Tubman fought for a military pension, but was only able to win a widow's pension on account of her second husband's service. When Harriet Tubman died, the people of Auburn buried her with full military honors.
For this soldier, camp life was more than exotic. It was a constant tension as "he" attempted to conceal a secret. That is because this soldier, Pvt. Albert Cashier, was in fact a woman.
Born in Dublin, Ireland, her real name was Jennie Hodgers and she arrived in the United States as a shipboard stowaway. At the time of the War’s outbreak she was living in Belvedere, Illinois. Dressed as a man, she enlisted as a private in Company G / 95th Illinois Volunteer Infantry on August 6, 1862. Her regiment was mustered into federal service at Camp Fuller September 4, and a month later departed for Grand Junction, Tennessee, where the 95th was assigned to the Army of Tennessee.
After her discharge she lived in several towns in Illinois through 1869, finally settling down in Sunemin to support herself by working as a farmhand and handyman. She kept her sex a secret until 1911 when her leg was fractured in a minor automobile accident and the doctor called in to treat her discovered she was a woman. Realizing that the 66-year-old Cashier was too crippled by the infirmities of age to live alone any longer her employer arranged to have her admitted to the Soldiers and Sailors home in Quincy. For several years authorities there kept her secret until her failing memory and increasingly erratic behavior induced them to transfer her to the insane asylum at Watertown in March 1913.
When she died at Watertown members of the local GAR chapter saw that she was buried in uniform with military honors. This is the only case of a woman fulfilling an army enlistment.
Walker was a proponent of women's rights and dress reform especially the wearing of "Bloomers" which didn't enjoy wide currency until the sport of bicycling became popular. In 1855 became one of the earliest female physicians upon graduation from Syracuse Medical College. She married Albert Miller a fellow student, in a ceremony that did not include a promise to obey; she did not take his name, and to her wedding wore trousers and a dress-coat. Neither the marriage nor their joint medical practice lasted long.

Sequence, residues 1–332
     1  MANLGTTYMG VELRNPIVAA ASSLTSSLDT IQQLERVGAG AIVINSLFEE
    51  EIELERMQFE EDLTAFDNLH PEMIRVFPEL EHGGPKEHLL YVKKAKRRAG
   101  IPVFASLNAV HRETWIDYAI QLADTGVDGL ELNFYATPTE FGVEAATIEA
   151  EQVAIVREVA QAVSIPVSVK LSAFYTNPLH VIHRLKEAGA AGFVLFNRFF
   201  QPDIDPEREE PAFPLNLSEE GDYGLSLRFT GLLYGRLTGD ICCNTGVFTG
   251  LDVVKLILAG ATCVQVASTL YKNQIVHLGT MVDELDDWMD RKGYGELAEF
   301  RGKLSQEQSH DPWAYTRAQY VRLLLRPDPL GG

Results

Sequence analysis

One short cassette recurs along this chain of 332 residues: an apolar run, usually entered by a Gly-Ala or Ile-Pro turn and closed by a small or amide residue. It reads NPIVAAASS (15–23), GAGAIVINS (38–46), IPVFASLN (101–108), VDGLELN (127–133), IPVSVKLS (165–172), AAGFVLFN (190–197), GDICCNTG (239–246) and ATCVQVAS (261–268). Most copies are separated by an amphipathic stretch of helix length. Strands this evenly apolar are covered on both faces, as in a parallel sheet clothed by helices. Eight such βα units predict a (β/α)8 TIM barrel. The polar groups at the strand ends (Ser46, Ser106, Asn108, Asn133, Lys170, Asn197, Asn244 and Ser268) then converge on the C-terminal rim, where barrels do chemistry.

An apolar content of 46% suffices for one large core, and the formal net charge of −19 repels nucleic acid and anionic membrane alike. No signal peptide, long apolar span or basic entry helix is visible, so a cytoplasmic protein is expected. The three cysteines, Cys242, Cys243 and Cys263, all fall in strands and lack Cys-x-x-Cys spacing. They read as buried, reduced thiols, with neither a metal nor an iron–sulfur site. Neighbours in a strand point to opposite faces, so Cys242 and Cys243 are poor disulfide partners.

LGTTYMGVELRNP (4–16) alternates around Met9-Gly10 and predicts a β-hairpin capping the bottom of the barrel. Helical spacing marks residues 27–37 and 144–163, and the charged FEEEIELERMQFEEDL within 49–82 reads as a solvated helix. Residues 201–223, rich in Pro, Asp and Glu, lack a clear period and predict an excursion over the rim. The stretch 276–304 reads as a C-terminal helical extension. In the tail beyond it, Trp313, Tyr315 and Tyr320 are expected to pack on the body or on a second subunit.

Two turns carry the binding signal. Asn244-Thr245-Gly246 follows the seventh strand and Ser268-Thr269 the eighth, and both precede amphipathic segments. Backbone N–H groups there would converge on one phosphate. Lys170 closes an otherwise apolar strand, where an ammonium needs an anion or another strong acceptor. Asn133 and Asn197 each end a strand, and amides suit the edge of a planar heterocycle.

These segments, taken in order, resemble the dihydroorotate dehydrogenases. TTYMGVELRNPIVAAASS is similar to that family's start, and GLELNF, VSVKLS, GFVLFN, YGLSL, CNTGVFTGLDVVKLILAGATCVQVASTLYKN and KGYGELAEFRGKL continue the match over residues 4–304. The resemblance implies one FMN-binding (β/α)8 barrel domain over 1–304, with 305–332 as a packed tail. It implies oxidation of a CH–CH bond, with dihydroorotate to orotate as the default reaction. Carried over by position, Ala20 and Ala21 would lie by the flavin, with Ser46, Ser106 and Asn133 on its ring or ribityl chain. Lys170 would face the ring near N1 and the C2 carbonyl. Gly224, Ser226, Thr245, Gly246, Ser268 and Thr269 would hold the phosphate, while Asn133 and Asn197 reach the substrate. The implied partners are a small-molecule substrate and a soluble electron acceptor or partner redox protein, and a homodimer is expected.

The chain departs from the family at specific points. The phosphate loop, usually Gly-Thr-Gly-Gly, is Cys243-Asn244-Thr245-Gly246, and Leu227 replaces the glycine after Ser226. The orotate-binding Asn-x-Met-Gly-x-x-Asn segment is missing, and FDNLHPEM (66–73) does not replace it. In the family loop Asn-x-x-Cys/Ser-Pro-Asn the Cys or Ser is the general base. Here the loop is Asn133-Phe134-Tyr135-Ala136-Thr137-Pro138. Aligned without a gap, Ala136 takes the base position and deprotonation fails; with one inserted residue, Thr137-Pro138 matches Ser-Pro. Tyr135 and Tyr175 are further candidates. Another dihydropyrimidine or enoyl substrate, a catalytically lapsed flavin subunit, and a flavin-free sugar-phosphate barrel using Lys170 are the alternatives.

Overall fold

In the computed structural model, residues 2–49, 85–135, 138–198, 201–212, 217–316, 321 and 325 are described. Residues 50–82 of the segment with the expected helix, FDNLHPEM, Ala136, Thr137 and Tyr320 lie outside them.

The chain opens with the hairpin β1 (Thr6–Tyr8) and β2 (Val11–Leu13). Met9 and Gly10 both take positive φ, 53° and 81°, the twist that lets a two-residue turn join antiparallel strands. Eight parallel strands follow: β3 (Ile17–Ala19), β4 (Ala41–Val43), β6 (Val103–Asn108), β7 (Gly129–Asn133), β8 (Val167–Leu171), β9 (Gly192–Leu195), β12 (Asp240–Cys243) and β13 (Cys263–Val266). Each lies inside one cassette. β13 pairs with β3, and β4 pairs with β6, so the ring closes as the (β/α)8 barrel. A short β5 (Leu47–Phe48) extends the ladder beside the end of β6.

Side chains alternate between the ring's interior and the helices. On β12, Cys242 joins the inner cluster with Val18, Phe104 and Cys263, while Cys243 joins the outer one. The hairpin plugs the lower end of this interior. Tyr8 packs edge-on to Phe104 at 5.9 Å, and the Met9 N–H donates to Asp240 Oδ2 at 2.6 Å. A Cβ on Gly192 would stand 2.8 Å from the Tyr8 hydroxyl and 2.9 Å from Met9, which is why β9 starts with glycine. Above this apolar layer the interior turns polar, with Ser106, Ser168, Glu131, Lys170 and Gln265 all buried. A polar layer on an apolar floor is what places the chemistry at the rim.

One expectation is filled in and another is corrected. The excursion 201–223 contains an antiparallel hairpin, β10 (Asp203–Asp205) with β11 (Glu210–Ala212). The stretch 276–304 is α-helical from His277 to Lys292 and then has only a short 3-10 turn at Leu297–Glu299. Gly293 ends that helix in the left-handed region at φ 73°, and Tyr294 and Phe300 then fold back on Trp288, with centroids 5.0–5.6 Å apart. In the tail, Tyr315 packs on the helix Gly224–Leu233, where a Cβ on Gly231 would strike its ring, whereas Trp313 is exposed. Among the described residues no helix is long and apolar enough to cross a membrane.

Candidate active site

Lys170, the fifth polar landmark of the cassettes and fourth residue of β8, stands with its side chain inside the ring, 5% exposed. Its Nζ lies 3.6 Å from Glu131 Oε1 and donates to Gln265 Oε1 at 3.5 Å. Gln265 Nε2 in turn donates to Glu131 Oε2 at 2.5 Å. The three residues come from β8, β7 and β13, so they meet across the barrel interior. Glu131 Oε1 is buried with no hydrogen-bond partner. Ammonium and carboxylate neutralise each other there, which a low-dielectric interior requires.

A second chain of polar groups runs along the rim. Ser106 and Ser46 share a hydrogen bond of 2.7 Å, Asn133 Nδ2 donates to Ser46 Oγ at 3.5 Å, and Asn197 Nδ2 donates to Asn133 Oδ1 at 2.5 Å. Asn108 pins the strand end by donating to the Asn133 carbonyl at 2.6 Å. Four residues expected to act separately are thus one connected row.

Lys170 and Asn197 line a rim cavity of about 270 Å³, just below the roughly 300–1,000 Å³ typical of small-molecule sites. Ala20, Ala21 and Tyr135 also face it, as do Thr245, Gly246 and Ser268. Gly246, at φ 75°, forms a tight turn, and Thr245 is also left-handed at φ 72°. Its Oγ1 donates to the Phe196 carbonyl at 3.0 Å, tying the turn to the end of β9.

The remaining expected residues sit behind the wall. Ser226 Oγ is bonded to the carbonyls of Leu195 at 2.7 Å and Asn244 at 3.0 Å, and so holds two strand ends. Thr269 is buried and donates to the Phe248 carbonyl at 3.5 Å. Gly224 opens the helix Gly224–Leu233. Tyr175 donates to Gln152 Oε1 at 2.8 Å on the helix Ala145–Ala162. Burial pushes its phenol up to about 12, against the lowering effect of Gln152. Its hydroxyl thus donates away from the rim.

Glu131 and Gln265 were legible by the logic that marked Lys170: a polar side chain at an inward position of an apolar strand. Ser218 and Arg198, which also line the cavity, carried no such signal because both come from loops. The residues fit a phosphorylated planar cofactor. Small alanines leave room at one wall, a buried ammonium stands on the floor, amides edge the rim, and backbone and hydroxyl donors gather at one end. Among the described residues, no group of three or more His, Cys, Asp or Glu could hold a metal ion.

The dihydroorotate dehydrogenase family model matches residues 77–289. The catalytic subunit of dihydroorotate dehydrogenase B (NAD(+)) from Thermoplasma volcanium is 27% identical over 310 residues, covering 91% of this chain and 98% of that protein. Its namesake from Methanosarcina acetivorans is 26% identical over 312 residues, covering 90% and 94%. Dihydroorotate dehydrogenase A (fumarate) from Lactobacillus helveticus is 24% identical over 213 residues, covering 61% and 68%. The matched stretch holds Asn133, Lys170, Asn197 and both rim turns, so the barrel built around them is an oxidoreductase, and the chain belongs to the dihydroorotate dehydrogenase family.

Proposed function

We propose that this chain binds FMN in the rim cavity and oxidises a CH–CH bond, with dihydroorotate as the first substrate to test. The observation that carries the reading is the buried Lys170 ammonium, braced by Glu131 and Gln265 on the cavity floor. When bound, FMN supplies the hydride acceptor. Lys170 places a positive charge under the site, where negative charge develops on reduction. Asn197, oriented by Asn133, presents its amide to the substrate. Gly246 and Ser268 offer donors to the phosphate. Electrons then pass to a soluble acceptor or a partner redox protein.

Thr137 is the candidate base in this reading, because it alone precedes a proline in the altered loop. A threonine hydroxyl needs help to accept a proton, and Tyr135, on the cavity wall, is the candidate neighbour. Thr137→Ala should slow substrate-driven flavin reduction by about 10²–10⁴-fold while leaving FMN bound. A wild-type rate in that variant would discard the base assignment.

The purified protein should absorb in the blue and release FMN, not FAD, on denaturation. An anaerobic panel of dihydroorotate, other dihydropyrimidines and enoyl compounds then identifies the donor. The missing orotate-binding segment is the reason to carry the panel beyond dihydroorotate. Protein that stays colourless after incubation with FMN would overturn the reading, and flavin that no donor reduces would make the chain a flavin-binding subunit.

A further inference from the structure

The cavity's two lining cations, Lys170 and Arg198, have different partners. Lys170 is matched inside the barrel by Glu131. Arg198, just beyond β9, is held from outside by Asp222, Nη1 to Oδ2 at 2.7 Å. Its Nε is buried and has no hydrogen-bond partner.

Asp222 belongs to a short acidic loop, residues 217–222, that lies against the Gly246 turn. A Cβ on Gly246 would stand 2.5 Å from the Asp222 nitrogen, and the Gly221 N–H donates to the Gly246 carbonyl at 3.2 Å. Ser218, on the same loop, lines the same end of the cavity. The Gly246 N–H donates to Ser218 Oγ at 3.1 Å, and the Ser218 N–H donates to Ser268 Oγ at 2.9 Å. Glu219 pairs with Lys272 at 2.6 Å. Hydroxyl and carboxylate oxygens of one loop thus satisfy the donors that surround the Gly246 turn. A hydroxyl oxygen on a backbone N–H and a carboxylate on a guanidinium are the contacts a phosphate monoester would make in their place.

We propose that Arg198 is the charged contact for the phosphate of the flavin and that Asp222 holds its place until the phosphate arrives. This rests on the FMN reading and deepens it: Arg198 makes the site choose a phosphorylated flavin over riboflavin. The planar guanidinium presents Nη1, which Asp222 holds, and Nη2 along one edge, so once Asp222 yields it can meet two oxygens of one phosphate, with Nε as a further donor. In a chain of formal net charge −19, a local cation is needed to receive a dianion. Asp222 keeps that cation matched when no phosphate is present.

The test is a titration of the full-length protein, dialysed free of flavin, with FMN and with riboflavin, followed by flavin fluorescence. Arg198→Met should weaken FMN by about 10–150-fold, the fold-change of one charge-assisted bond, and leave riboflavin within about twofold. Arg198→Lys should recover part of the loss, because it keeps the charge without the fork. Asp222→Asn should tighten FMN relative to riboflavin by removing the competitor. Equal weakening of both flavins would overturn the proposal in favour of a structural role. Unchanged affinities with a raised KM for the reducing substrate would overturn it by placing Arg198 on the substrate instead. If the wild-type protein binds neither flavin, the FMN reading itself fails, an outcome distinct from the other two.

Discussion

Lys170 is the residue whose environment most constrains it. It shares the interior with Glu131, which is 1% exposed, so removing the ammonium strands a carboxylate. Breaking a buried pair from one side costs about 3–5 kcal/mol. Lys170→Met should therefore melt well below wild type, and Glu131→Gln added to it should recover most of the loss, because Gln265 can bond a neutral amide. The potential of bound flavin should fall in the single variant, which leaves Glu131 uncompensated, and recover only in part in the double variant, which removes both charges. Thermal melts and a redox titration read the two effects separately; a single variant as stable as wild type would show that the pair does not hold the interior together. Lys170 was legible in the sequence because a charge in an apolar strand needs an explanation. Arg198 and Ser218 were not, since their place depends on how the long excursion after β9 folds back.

At the start of the War Dr. Mary E. Walker volunteered with the Union Army and adopted men's clothing. She was at first not allowed to work as a physician but as a nurse and as a spy. She finally won a commission as an army surgeon in the Army of the Cumberland in 1862. While treating civilians she was taken prisoner by the Confederates and was imprisoned for four months until she was released in a prisoner exchange.
Her official service record reads:
Dr. Mary E. Walker (1832 - 1919) Rank and organization: Contract Acting Assistant Surgeon (civilian), U. S. Army. Places and dates: Battle of Bull Run, July 21, 1861 Patent Office Hospital, Washington, D.C., October 1861 Following Battle of Chickamauga, Chattanooga, Tennessee September 1863 Prisoner of War, Richmond, Virginia, April 10, 1864 - August 12, 1864 Battle of Atlanta, September 1864. Entered service at: Louisville, Kentucky Born: 26 November 1832, Oswego County, N.Y.
After the War she became a writer and lecturer and usually appeared dressed in a man's suit and top hat. Dr. Mary E. Walker was awarded a Congressional Medal of Honor for her service in an order signed by President Andrew Johnson on November 11, 1865. In 1917 the government revoked 900 of these medals and asked for Walker's medal back. She of course refused to return it and wore it until her death two years later. In 1977 President Jimmy Carter restored her medal posthumously making her the first woman to hold a Congressional Medal of Honor.
Cushman was born in New Orleans in 1833. At 18 Cushman went to New York where she began an acting career. She toured the United States in a variety of different plays.